Anyone who has taken mass transit knows how intense the experience can be with an unhappy child in close proximity. Loud iPods, sprawling seatmates, dripping umbrellas, body odor, and large packages are minor concerns compared with a wailing child. When confined in a subway car with a child in mid-tantrum, there comes a point when the proverbial village seems to come to life.
I boarded the No. 2 train to Penn Station on Tuesday evening and snagged a seat by the door on one end of car. I pulled out my traveling book, glanced around to see who my fellow passengers were, and began to read with some intensity—meaning, I was making a conscious effort to focus my attention on my book and not on the tourist whose stuffed J&R shopping bag kept bumping my knee. We had barely pulled out of the station when a piercing wail interrupted me mid-sentence. Through the crowd, I could make out a young girl (under the age of 5) sobbing and demanding something of her mother who sat impassively next to her.
A sigh rippled through the car and we all sort of waited to see what the mother would do. Would she comfort the child? Chastise her? Cajole her? She did nothing. Two stops later, with the girl still sobbing, making intermittent keening-like noises, and still demanding something, the expression on the face of the gentleman sitting next to her could only be described as acute pain. The woman sitting next to me said to her traveling companion, "Isn't it something when the mother is oblivious?" And then she and her friend began to trade stories about they handled their children when they threw public tantrums.
Eyes began to roll, people began to shuffle, and stare. Some turned up the volume on their iPods. At 14th-Street (about four stops from where the crying began), the man sitting next to the girl got off. I watched as he exited the car, jogged quickly down the platform and reboarded. A large crowded boarded in his place, and I could no longer see the girl. But I could hear her. We all could. Muttered commentary began to take place and commuters offered their opinions. "She's tired," said one. "She has to learn somehow," said another. "What's she [presumably the mother] going to do?" added a third. A woman asked, "Is she alright?" The mother ignored the question. "Stop it," she said to the girl. "Stop crying. We're not going there." The girl wailed louder. The mother said nothing more. The girl was still crying while I exited the train at Penn Station and a fresh group boarded. I stood on the platform for a moment and saw a number of the new passengers exit the car immediately and follow in the footsteps of the man who changed cars. The remaining people wore expressions of curiosity and annoyance. I don't know if anyone else tried to intervene or offer advice. I wouldn't be surprised—the No. 2 line goes all the way to the Bronx, so it would have been a long ride for some.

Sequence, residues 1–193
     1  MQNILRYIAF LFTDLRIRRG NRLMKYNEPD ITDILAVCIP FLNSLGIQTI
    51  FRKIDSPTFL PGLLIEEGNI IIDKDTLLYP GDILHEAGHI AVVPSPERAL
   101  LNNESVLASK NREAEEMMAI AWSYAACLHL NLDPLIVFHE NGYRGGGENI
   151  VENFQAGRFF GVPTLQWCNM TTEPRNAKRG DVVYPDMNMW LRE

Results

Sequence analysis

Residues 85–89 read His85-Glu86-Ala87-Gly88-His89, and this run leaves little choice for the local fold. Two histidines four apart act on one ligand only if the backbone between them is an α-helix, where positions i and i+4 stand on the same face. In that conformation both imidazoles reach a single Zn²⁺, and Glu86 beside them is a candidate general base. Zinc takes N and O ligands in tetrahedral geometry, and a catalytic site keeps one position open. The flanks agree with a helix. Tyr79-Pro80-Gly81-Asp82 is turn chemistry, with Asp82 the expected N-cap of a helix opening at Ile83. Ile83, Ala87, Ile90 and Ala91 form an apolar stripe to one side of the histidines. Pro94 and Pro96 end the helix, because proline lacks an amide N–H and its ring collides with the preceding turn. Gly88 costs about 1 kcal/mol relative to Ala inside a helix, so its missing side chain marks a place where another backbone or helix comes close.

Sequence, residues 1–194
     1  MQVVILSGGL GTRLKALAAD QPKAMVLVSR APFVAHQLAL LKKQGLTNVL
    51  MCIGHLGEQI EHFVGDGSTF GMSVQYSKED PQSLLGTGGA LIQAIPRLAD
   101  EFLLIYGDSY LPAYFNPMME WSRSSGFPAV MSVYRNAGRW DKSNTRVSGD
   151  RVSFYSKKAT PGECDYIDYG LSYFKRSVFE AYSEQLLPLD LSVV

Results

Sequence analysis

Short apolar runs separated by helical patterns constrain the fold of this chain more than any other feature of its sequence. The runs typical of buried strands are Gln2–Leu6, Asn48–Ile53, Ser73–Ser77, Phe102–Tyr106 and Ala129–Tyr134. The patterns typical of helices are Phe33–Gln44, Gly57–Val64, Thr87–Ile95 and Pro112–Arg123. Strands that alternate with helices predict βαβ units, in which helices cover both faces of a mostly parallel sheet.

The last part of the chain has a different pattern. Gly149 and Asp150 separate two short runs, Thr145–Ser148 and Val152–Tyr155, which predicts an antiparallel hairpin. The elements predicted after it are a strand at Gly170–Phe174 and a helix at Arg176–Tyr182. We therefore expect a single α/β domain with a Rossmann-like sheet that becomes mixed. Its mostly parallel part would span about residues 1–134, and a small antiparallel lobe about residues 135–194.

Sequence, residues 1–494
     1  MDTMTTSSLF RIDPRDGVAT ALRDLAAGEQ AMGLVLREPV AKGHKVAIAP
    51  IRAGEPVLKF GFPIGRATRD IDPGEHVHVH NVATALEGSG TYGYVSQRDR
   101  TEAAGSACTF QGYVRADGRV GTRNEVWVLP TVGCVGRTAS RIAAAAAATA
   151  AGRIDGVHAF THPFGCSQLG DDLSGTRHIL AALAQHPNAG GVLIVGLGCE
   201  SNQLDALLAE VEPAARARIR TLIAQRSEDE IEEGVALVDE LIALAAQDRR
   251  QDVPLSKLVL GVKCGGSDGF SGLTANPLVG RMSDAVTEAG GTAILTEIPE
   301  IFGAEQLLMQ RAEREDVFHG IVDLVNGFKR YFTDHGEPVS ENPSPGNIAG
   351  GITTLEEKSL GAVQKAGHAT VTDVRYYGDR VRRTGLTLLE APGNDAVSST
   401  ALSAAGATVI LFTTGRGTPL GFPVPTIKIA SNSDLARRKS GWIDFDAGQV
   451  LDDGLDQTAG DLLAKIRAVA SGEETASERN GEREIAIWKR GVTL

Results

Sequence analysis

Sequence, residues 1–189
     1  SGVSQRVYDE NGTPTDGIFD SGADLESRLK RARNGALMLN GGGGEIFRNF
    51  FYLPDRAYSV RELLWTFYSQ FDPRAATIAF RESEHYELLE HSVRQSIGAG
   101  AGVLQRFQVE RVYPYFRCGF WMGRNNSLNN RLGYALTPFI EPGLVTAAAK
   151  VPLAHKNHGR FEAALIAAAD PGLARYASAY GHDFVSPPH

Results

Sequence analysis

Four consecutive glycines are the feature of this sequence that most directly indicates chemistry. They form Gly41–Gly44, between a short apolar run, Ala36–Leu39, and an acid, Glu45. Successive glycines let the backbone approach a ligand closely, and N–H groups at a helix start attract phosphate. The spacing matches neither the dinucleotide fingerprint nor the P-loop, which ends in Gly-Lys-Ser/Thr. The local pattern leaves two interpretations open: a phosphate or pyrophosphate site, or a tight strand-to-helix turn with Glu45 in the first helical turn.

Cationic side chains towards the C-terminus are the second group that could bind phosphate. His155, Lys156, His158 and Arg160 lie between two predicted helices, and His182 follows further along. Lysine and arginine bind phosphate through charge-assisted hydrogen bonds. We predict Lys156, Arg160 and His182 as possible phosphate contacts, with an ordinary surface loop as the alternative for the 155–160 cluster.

I've encountered my fair share of crying children during my daily commute. Children are going to cry sometimes, that's just the way it is. But this was the first that was just simply allowed to cry. When infants cry on the subway, the parent or caregiver is often the recipient of sympathetic glances and polite inquiries (e.g., "Oh no! He's being fussy, huh? Time for a nap?") People seem more lenient because, well, it's what infants do. (I've also seen happy, engaged babies capture the attention of the whole car.) With older children, however, leniency quickly wanes. There is an expectation for behavior, both on the part of the parent and the child: that the parent will intervene and make the child stop the tantrum, and that the child will respond. If either fails to respond in the prescribed way, the judgment of the public is clearly one of displeasure. It's as though the parent has failed to raise a competent individual and the child is regarded as unprepared to participate in society. Parents who are obviously trying to calm their child are also granted leniency, and are sometimes the benefit of external assistance. Someone will often address the child directly asking, "Why are you crying?" or make statements like, "Big boys don't cry!" The group appears to mobilize to help the parent.
I'm curious if any of you have seen travelers on mass transit intervene if a child is allowed to simply cry. Has anyone ever tried to offer advice? Did the parent(s) respond? What are your coping strategies?